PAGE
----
Using several examples, this chapter explores the application, advantages, limitations and academic debate with respect to climate change vulnerability indicators (CCVIs) as complexity-reducing representations of societal vulnerability to climate change. In recent years, the need has increased for understanding the factors which determine the vulnerability of societies around the world to climate change. Decision- and policy-makers are in need of useful and usable information on this matter to reduce climate change vulnerability, and require it in a way that permits the development of appropriate policies in a given context. CCVIs appear to be an example of how such information is provided: they are a means of quantifying societal vulnerabilities to climate change into a single number, and of communicating to policy-making how vulnerable particular entities are to specific aspects of climate change.
The following example illustrates the need and provision of such indicator-driven information on climate change vulnerability. In November 2008, the sub-committee for the Pilot Program for Climate Resilience (PPCR) of the Climate Investment Funds (CIF), initiated by the World Bank, appointed an expert group to produce a list of ten countries or regions that are the most vulnerable to anthropogenic climate change. These countries were to benefit from the funding of the PPCR programme for actions toward improved climate change resilience. By September 2010, the PPCR fund had grown to roughly US$1 billion, receiving aid from several different donor countries (Climate Investment Funds 2010). In the face of this substantial sum, transparency and replicability in selecting the receiving countries were of key importance. The expert group therefore decided on an approach based on the use of vulnerability indicators (Brooks et al. 2009).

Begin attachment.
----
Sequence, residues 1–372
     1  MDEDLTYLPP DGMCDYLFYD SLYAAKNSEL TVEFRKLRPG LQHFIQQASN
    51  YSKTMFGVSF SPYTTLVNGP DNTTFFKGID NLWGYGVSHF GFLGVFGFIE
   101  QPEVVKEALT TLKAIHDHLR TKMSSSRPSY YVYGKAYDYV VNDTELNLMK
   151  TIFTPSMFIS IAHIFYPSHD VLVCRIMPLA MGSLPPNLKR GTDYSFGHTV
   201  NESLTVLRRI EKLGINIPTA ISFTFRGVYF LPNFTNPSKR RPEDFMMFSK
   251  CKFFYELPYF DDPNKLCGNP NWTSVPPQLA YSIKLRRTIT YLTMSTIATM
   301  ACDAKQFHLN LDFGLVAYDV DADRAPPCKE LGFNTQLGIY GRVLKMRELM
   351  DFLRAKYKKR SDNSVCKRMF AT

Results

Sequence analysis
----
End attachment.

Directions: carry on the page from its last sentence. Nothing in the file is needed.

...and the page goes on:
The identification of the most vulnerable countries with regard to climate change is a task of large complexity, one that begins with the very notion of vulnerability. The aspects of vulnerability investigated often included health, food security, access to water, or the capacity to adapt and develop different combinations of these. If it is difficult to quantify the current status of any of these aspects (let alone if available data is scarce, which is often the case), it is even more difficult to derive their dependence on climate and to estimate how they evolve under a future, changing climate.